• Programmatic Marketing: Embrace programmatic marketing to increase efficiency, gain insights, and improve the overall experience for HCPs. Centralise campaigns within a Demand Side Platform (DSP), leverage consistent audience targeting, and optimise campaign delivery through machine learning.
• Compliance Challenges: Shift compliance teams from reactive “policing” roles to enabling and proactive positions. Become co-creators of content and assets. Engage early with external stakeholders and adapt to changes in field resourcing.
• Modular Content Strategy: Implement a deliberate strategy and foundational definitions to transition to modular content. Break down content into smaller, reusable modules for speed, scale, and engagement. Establish a claims and reference library, digital asset management, and connected content ecosystem.
• Generative AI: Explore the impact of generative AI on pharmaceutical marketing and medical communications. Consider factors such as accuracy, ethics, and copyright compliance. Leverage AI as a tool to enhance performance, streamline tasks, and elevate quality and creativity alongside human expertise.
• Bridging Global-Local Content Divide: Foster collaboration between global and local teams to deliver relevant, valuable, and timely content at scale to HCPs. Understand and meet the needs of local teams, adapt global content to local markets, and utilise the right tools and systems for efficient content planning, production, and distribution.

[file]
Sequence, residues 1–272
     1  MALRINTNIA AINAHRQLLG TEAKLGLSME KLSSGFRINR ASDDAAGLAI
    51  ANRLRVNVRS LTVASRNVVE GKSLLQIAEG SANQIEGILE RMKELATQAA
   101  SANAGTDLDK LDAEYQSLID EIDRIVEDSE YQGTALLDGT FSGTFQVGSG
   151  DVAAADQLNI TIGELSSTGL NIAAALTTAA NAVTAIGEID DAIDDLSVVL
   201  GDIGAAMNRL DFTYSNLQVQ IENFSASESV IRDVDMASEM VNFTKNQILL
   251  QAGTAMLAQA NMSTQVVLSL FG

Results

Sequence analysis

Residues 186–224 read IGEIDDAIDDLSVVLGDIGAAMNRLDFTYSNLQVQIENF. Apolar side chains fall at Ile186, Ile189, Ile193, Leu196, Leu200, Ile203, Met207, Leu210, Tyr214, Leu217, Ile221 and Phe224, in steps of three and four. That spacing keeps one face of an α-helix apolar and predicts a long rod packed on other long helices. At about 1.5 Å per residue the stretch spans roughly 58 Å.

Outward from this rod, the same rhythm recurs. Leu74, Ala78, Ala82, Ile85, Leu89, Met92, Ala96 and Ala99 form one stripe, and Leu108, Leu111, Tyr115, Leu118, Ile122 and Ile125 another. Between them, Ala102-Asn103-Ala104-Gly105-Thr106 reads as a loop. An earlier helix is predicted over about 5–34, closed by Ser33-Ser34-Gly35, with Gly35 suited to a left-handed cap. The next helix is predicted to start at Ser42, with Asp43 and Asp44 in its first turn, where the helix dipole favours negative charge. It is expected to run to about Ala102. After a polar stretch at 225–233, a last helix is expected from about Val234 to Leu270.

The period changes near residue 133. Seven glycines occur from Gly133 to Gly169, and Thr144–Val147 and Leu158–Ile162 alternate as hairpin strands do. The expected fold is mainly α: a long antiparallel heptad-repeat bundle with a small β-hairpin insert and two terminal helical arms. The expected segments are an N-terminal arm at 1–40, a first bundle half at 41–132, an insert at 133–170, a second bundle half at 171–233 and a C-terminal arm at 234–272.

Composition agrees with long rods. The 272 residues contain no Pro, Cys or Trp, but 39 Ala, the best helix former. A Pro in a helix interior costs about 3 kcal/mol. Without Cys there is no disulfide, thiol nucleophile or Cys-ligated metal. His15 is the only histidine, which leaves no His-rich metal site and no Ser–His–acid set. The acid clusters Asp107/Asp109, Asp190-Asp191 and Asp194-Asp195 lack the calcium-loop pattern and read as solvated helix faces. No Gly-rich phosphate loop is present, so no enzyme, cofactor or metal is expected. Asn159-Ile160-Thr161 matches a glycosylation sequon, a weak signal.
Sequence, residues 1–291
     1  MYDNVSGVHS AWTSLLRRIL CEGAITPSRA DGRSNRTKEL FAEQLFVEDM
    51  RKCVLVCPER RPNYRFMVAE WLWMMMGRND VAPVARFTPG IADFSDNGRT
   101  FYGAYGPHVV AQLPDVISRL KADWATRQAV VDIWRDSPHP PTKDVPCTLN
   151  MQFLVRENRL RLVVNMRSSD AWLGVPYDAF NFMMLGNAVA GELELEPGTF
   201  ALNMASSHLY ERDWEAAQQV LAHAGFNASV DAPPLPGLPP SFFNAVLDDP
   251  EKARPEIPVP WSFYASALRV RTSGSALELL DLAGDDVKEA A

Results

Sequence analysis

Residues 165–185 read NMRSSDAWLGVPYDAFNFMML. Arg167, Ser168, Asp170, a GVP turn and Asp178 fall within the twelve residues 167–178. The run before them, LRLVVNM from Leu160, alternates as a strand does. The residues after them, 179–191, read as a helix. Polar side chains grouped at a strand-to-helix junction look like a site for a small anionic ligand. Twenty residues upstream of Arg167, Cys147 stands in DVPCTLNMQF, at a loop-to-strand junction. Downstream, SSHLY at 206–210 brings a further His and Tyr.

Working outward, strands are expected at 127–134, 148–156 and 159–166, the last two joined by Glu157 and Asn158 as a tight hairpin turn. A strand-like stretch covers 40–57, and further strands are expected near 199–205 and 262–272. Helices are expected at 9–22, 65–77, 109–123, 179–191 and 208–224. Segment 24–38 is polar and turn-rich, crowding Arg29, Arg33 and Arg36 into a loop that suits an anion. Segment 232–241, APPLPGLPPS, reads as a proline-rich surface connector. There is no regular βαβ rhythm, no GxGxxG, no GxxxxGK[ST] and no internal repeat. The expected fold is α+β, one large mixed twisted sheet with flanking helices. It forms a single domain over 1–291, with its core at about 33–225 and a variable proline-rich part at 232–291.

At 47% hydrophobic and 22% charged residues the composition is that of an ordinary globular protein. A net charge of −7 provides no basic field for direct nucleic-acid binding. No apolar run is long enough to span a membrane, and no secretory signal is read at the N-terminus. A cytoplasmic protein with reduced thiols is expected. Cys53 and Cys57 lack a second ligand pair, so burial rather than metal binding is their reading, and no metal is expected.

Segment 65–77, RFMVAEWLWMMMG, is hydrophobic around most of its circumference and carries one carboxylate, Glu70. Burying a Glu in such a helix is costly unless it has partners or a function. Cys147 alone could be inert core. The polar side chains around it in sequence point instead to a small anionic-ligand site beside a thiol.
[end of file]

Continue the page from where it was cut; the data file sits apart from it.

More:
• Future Field Team Engagement Model: Develop essential skills and habits for field teams to engage effectively with HCPs. Prioritise customer experiences, build credibility through clinical knowledge, analyse data for effective targeting, and collaborate with stakeholders. Cultivate a curious mindset, competency in prioritisation, and confidence in utilising digital tools and technology.
• A Seasonal Tale of Forgotten Marketing Toys: Don’t get swept up in marketing tech trends; first optimise existing tools and focus on fundamentals like understanding customers, mapping content to HCP journeys, and providing consistent omnichannel experiences. Shiny new tools often require work to implement and do not always provide real value after all the effort.
Samuel Pygall – Regional IT Lead at MSD
James Harper – Founder & Managing Director at 28b
Editors: Ben Keppie – Consultant at 28b
The PM Society is a not-for-profit organisation that believes excellent healthcare communications lead to better outcomes for patients.
The PM Society aims to:
• Support organisations and people in healthcare
• Recognise excellence and promote best practice
• Provide education and development
The PM Society Digital Interest Group is made up of passionate pharma digital experts who volunteer their time to:
• Lead the conversations in the use of digital for customer engagement excellence and enabling better patient outcomes
• Promote digital best practices across pharma marketing and the wider commercial organisation
• Explore and share an understanding of what digital strategies and tactics marketers in the life sciences sector can employ effectively to support their brand, business and customers.